Cohasset Dramatic Club’s comedy horror rock sci fi musical, Little Shop of Horrors, offers two very important life lessons. Don’t feed the plants and everyone’s life should be narrated by a streetwise, Greek chorus. Punctuated by the sweet, sassy sounds of female Greek chorus trio Chiffon, Crystal, and Ronnette, Cohasset Dramatic Club opened its 98th season with Little Shop of Horrors in all of its zany, outrageous glory on the Cohasset Town Hall stage in Cohasset, Massachusetts continuing through Sunday, November 18. Click here for more information and tickets.
Little Shop of Horrors, based on John Cullier’s short story Green Thoughts from 1932, has gone on to become a cult classic, with actors such as Jack Nicholson, Bill Murray, Rick Moranis, Steve Martin, and John Candy stepping into its various film adaptations. A remake is in the works as it celebrates its 60th anniversary in 2020.
It’s a seemingly simple tale about young love on Skid Rowe in a fledgling flower shop that houses a curious, unique breed of plant. Some critics compare it to the campy tone of the another cult classic, Rocky Horror Picture Show, but Little Shop of Horrors offers a more subtle brand of campy charm.
The show has a gift for funny, ironic contrasts right down to the bright, cheerful set design by Mark Bono with scenic artist Denise Feeney. An ode to vintage 50s films of its time, Mr. Mushnik’s beautiful and pastel Floral Shop front seems hardly a place that belongs on Skide Row or Gutter as the name of a bar. With few exceptions, the music, with lyrics by award-winning composer Alan Menken, has a catchy, rock n roll vibe, some tunes an ode to 60s girl groups. From plaids to shimmering gowns, Colleen Craig as Chiffon, Michelle Margulies as Crystal and Cara Lee Chamberlain as Ronnette form a taut, humorous, street-smart trio, unveiling the real ins and outs of Skid Rowe through harmony, kicking it off with the catchy, signature track, Little Shop of Horrors.
With a distinctive, comedic voice and dark reading glasses, Jonathan Markella is a natural as Mr. Mushnik. Shrewd, sensible, and a bit dour, Markella’s take on the firm, yet fidgety Mr. Mushnik is a memorable one. He showcases his comedic chops best with Jordan Reymolds as Seymour in the clever number, Mushnik and Son.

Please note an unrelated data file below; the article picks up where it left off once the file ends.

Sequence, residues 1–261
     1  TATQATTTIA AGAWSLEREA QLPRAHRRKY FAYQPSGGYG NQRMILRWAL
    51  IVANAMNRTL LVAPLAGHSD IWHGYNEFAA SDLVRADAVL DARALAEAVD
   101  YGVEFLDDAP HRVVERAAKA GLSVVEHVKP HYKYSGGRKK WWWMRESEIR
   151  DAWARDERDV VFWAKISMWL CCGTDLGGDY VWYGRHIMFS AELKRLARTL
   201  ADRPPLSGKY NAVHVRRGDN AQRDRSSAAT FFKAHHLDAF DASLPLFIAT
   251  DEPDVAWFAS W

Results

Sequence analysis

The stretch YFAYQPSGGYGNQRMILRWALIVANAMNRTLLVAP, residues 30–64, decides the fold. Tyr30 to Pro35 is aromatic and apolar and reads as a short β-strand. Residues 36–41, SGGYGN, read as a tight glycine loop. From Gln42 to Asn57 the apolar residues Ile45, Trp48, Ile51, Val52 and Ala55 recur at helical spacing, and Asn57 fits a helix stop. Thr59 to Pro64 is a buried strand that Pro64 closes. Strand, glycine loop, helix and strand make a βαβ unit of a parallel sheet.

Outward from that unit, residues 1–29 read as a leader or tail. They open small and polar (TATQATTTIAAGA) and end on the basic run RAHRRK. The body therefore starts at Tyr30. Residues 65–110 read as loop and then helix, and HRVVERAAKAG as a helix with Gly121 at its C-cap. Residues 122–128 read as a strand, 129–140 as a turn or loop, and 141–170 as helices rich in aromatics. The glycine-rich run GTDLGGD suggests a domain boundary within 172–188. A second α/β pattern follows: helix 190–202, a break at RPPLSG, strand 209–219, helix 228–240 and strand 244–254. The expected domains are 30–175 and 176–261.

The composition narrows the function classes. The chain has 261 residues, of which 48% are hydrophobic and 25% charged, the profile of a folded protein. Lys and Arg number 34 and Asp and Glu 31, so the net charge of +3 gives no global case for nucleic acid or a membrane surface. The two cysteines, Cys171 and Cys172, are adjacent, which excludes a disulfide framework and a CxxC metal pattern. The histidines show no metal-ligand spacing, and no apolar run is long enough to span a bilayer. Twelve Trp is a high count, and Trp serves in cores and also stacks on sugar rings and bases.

With black glasses and a sweater vest, Jordan Reymolds is splendid as Seymour, a sympathetic, conflicted botanist. With a bit of a crackly speaking voice and a light city accent, he is ever the shy, unassuming nerd that actor Rick Moranis stepped into in the 1986 film adaptation. He shines in the darkly tender number, Grow for Me and his awkward adoration for Audrey, portrayed with stylish, effervescence by Adina Lunquist, exudes comic charm, at one moment he’s hoping to take her to “a fancy dinner at Howard Johnson’s.” Linquist is wonderful, her silvery soprano vocals carrying a lullaby or a soulful belt with equal skill. She shares her simple, 50s domestic dreams in Somewhere That’s Green and with Seymour who deliver a powerful rendition of Suddenly Seymour.
Brendan Smith rises to the occasion playing several roles including the outrageous, narcissistic biker dentist. Having portrayed The Monster in Young Frankenstein, his pliable, animated features master a multitude of roles in stride.
The real spectacle is Audrey II, the sly soulful plant that changes everything. With deep, soulful, animated vocals that harness a bit of Elvis and Robin Williams and skillfully manipulated by Mike Nakashima whose theatre history includes a part in Cohasset’s Avenue Q, Audrey II is an impressive specimen right down to its shiny, dangling teeth.
Directed by Lisa Pratt, Cohasset Dramatic Club presents Little Shop of Horrors through Sunday, November 18 at Cohasset Town Hall, 41 Highland Avenue in Cohasset, Massachusetts. Click here for more information and tickets. Learn more about Cohasset Dramatic Club by following on their Facebook page.